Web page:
Fullscreen with HTML5 and JavaScript

What’s this? Web apps don’t have fullscreen? FALSE!

With a new addition to WebKit and Firefox, you can use fullscreen as much as you want.

How? Click that handy little read more link to find out. (If you’re already in the full post view, GO READ THE REST OF THIS)

The JavaScript for this is actually pretty simple. You just select your element that you want to be in fullscreen (you can use document.body to show your whole page in all it’s glory, but you could also use this to pop up only a <canvas> or <video> or something as well.) Just take your select element and fire .webkitRequestFullScreen(Element.ALLOW_KEYBOARD_INPUT); and .mozRequestFullScreen(); on it. Ta-da! To close the full screen programmatically, just call document.webkitCancelFullScreen(); and document.mozCancelFullScreen();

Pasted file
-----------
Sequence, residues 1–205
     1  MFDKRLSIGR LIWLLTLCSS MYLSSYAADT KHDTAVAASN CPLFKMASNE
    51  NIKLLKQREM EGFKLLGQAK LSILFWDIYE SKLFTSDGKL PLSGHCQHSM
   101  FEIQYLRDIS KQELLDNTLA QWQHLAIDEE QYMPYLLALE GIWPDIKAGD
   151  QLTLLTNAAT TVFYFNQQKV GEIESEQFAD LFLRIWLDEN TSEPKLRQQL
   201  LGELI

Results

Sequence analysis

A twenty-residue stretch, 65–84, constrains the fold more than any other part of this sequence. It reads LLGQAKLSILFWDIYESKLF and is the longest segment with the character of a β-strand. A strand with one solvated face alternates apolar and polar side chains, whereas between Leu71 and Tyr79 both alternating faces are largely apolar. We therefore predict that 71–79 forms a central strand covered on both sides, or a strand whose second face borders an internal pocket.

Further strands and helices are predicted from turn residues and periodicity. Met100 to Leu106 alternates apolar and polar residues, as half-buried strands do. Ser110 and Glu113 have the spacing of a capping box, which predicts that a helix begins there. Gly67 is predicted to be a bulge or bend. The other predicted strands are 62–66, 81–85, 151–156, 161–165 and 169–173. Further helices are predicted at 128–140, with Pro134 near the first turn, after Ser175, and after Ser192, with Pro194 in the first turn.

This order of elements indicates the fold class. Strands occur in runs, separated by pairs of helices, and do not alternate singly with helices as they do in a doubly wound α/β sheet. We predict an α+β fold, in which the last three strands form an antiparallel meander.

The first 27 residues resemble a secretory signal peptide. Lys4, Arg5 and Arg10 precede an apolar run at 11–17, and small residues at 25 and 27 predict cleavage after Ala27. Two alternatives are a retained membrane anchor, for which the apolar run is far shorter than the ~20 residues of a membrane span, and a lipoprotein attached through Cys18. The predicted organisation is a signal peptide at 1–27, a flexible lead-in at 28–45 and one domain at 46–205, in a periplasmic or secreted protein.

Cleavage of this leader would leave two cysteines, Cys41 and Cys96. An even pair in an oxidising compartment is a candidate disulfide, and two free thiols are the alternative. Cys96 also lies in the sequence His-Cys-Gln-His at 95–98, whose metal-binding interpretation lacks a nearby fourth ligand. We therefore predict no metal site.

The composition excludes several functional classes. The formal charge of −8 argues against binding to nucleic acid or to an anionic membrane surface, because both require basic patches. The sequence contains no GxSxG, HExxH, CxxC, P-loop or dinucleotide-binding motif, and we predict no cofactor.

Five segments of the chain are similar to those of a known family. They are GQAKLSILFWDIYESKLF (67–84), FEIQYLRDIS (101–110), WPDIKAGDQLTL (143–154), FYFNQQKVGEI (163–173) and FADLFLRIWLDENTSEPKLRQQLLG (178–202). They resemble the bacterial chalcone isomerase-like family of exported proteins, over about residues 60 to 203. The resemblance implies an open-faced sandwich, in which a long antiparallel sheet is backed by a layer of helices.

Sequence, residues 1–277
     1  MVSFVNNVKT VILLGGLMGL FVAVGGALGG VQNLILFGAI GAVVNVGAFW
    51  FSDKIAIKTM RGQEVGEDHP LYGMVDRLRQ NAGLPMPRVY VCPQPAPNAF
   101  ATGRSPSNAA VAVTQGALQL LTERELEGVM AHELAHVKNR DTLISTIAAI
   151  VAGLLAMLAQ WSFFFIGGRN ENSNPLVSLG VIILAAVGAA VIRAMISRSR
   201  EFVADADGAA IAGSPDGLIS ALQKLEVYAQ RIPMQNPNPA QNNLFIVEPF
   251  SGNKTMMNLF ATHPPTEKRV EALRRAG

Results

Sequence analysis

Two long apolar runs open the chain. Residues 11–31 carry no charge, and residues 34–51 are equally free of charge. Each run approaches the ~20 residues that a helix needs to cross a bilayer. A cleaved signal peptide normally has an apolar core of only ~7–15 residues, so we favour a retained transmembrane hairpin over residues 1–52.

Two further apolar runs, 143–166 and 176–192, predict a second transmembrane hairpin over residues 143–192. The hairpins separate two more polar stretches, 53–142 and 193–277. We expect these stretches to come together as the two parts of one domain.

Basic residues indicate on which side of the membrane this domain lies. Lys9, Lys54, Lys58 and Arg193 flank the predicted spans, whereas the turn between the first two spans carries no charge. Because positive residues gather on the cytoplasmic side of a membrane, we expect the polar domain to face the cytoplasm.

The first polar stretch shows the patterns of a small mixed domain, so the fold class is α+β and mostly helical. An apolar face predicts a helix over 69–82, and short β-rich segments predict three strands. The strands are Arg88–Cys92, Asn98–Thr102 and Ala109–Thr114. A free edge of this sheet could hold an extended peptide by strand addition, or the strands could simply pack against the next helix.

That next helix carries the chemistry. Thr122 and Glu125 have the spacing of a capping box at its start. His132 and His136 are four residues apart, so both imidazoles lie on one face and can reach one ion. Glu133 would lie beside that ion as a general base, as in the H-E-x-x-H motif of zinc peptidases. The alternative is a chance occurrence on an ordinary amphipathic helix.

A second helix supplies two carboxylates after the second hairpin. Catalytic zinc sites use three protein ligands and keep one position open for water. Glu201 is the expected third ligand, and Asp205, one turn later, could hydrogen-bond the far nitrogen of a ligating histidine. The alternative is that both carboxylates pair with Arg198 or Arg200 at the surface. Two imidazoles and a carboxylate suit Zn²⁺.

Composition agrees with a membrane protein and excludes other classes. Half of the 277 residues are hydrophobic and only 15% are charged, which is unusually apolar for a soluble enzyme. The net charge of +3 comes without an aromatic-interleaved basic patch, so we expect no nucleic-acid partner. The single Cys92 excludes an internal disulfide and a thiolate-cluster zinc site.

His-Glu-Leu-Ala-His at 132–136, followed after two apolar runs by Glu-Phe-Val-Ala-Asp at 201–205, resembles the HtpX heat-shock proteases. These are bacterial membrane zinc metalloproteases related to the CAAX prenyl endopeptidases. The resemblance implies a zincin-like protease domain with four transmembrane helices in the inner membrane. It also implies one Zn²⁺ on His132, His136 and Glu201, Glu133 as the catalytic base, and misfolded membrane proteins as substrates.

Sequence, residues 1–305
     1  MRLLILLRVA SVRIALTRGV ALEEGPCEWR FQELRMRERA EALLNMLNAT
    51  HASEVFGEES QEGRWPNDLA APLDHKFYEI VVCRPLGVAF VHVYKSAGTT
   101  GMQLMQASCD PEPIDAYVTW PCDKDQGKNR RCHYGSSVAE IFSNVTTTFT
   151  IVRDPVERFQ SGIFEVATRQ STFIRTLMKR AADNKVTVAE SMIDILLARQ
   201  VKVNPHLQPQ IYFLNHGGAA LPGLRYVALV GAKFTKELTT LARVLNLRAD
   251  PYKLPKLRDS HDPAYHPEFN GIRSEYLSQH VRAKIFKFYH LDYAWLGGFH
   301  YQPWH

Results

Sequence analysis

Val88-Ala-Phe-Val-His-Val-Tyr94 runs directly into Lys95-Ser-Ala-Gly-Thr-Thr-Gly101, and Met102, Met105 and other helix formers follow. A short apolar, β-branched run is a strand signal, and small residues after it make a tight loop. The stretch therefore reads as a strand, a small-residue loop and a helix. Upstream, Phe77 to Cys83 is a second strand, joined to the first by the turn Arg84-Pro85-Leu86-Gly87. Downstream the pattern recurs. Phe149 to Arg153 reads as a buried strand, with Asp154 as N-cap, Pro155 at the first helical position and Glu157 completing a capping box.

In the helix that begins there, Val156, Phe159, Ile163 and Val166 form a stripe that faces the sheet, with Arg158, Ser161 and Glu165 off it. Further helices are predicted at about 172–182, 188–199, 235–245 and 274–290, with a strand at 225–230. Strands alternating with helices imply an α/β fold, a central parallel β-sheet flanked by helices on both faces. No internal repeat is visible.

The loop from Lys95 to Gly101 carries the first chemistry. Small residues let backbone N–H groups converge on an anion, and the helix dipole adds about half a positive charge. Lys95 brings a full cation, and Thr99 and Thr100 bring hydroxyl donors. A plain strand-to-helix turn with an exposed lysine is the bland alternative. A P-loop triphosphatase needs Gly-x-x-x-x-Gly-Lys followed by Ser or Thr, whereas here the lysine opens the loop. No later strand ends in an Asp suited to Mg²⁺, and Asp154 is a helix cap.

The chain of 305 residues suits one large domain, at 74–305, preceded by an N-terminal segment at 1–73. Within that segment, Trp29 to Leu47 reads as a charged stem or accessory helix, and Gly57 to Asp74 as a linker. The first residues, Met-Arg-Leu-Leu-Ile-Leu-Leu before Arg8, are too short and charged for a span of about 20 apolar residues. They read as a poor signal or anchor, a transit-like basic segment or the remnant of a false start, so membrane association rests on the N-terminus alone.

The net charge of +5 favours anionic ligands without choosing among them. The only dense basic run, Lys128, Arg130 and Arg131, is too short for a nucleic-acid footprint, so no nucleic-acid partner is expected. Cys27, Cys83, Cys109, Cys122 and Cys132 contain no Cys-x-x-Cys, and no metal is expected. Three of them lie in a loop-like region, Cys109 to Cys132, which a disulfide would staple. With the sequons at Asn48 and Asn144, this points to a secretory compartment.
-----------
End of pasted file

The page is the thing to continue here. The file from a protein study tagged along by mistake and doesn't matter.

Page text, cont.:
Chrome has a little display thing that says the page is in full screen and asks for user permission (although, it does go to fullscreen view before asking, with the options being ‘allow’ (does nothing) and ‘exit fullscreen’ (exactly what you’d think)). I haven’t yet tested how Firefox deals with this.

You can do alternate stylings for things while in fullscreen. Right now, there’s just a pseudo-class for that. Actually, there are two, but they do the same thing, it’s just more browser prefixing. :-webkit-full-screen and :-moz-full-screen.

This is a step in the right direction for the future of web apps. We’re getting closer to all the capabilities of native programs!